If they want to play the long game, it would also make sense for them to trade Powell, who has an $11.6 million player option he’s likely to decline in the offseason. Granted, he’ll be 28 next season, so it’s not as if re-signing him would be short-sighted.

There’s nothing wrong with preserving the possibility Lowry never dons another team’s jersey — and parting with a franchise icon is never easy. But trading Lowry may be the best bet for the franchise’s future, while it would neither change the fact that the team will someday retire his jersey, nor would it take away from his legacy. In fact, doing right by him and giving Lowry another opportunity to compete for a title may just be the best parting gift the Raptors could give him while also strengthening their own long-term outlook.

Continue Reading

NBA

NBA Daily: Don’t Forget About Romeo Langford

Once a top-five high school recruit, Romeo Langford has yet to make an impact in his brief NBA career.

Dylan Thayer

Published

on

As a highly-touted high school prospect, Romeo Langford found himself at the fifth spot in the 2018 ESPN Top 100. His play earned him a spot in the 2018 McDonald’s All-American Game among big-name recruits such as Zion Williamson, and after a very successful high school career, the five-star shooting guard decided to take his talents to Indiana over both Kansas and Vanderbilt. 

Langford’s time as an Indiana Hoosier was short-lived as he only spent one year with the team before declaring for the draft. He played in thirty-two games despite tearing a ligament in his thumb. His shooting percentages reflected this injury as he shot a meager 27.2 percent from three and 44.8 percent from the field, per Sports-Reference. Both of these percentages were not reflective of the electric, efficient scorer he was at New Albany High School.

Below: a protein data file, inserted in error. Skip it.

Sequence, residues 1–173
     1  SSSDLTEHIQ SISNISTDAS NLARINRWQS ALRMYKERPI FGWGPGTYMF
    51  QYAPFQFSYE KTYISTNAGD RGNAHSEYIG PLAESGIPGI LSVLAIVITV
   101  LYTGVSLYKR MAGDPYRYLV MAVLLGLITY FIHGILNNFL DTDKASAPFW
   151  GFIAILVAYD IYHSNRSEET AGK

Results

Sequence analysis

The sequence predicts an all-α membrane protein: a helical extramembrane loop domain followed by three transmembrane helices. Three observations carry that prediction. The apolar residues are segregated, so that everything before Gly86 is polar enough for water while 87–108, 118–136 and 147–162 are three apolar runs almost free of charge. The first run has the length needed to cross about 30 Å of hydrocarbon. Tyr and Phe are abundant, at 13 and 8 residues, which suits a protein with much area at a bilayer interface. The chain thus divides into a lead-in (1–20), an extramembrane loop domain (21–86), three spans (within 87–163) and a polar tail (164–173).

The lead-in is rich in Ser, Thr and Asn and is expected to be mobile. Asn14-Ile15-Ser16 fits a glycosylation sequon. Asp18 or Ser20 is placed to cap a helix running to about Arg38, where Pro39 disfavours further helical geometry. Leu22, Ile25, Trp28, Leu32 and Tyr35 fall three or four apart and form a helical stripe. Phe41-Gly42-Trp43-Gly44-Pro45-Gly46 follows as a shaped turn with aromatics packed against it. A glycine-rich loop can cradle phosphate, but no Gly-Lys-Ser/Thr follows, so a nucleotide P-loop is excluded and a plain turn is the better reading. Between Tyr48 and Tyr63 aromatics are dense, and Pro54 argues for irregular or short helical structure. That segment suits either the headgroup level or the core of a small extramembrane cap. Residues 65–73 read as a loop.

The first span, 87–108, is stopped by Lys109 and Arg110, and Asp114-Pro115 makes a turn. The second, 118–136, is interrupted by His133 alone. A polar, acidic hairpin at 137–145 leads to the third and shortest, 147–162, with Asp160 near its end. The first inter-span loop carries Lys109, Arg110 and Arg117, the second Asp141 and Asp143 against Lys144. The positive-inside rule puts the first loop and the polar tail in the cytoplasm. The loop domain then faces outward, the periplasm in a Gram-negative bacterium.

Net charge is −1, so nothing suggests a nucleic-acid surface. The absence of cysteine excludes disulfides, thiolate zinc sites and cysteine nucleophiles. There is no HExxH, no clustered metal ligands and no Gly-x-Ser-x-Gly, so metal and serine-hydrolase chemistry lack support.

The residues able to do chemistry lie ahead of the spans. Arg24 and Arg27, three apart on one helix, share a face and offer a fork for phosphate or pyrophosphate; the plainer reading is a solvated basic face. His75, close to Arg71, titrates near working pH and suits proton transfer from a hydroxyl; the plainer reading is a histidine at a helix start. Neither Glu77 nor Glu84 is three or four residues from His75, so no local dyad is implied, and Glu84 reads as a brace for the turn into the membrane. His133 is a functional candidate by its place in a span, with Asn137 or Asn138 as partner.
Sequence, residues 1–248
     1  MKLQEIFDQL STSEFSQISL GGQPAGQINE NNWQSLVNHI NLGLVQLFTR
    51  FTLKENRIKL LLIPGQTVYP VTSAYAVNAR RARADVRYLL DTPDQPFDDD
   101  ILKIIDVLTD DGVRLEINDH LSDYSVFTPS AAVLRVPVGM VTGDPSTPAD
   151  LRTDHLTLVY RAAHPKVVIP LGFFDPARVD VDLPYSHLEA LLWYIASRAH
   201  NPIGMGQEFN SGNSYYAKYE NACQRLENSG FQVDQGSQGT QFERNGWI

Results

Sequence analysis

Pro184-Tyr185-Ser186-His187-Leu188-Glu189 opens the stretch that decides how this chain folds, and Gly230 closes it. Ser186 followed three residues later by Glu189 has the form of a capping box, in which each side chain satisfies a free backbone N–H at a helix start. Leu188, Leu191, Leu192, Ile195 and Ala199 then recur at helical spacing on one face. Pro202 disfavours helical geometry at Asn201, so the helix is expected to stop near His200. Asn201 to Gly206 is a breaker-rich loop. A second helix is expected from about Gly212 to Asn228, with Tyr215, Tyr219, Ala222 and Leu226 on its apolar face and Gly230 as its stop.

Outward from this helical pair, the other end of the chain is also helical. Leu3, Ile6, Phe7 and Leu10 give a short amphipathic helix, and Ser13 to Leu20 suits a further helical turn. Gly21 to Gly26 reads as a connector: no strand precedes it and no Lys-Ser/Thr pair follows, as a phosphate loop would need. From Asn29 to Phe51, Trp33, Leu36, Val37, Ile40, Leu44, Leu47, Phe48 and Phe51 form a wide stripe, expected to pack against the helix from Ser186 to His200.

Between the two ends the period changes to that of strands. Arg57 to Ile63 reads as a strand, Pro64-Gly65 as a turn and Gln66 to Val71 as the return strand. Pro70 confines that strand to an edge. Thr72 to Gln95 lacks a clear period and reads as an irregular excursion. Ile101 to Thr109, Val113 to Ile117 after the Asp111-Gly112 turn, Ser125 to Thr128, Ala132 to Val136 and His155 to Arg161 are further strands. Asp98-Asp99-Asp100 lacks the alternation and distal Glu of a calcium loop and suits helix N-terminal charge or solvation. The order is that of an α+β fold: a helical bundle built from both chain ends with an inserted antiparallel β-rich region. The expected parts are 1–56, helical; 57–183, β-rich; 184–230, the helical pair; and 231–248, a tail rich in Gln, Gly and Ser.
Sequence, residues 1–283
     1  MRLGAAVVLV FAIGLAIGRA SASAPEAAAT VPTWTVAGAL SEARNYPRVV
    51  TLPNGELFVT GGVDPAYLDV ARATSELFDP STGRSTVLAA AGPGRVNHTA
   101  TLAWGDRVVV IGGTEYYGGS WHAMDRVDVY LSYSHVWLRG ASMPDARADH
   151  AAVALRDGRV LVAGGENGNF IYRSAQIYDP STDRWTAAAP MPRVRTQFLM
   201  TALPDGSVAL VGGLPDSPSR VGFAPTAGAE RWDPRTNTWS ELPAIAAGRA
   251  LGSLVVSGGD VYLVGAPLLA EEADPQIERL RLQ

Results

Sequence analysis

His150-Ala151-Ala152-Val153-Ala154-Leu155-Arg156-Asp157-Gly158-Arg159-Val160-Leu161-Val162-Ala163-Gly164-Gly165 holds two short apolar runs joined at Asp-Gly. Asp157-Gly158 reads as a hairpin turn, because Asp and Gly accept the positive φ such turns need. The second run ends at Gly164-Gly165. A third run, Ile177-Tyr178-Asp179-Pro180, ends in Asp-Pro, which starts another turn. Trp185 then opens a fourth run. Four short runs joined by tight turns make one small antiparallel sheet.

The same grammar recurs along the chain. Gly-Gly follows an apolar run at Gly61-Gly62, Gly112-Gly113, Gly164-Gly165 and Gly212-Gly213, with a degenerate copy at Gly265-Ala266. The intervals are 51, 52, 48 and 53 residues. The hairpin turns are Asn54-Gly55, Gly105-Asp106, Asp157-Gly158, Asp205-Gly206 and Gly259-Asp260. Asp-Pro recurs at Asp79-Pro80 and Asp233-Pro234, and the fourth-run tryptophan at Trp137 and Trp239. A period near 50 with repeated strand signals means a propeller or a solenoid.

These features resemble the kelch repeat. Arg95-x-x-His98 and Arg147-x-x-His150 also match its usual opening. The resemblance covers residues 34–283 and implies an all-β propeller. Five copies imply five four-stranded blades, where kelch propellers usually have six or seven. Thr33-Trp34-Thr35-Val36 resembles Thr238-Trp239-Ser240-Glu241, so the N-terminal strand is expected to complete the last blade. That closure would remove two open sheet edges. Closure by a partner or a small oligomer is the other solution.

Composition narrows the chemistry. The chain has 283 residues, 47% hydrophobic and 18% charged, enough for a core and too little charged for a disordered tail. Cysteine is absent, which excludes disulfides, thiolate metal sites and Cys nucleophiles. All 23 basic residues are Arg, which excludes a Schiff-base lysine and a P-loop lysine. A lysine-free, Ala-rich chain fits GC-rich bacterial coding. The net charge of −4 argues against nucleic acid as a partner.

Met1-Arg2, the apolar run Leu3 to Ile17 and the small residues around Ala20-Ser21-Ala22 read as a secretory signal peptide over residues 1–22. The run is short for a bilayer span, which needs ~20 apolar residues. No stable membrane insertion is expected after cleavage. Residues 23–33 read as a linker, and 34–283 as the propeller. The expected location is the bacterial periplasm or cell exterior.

Selected with the No. 14 pick in the 2019 NBA Draft by the Boston Celtics, there was a lot to be excited about. For starters, the Celtics were able to draft a player just inside the lottery who many thought would be a top-five pick before the 2018-19 NCAA season. They were also able to get a resilient player that grinded through his injury and was still able to pace the BIG 10 in freshman scoring with 16.5 points per game. The potential with a healthy Langford is there, and that’s what led to him being a Boston Celtic.

During a 2019 interview with Boston.com, Celtics head coach Brad Stevens spoke highly of their rookie. 

“If they would have been more on the national radar, and he would have not hurt his thumb, he probably would have been even more discussed,” Stevens said at the Celtics practice facility. “He’s a guy we were all well aware of before his first game at IU.”

If it was not clear by this quote, big things were expected from the former Indiana Mr. Basketball. 

Unfortunately, his first season on the Celtics was not much of one to write home about. Across 32 games, he managed to average only 2.5 points with 1.3 rebounds in 11.6 minutes per game, often finding himself with Boston’s G League affiliate, the Maine Red Claws.

This should not be a big indicator of how things will end up for Langford though – as flourishing Charlotte Hornets star Terry Rozier was also an afterthought off the Celtics’ bench in his first season, even though many people saw his future potential. In a Feb. 7th matchup with the Atlanta Hawks, Langford made the most of a starting opportunity, dropping 16 points on 5-for-11 shooting, including 2-for-5 from three-point range, and 3 blocks. Later, he would then undergo season-ending surgery to repair the scapholunate ligament of his right wrist during the team’s playoff run in the bubble.

As the 2020-21 season heads towards the All-Star break, Langford has yet to suit up as he still is recovering from surgery. But according to a report by NESN, Langford should be healthy enough to return following the pause.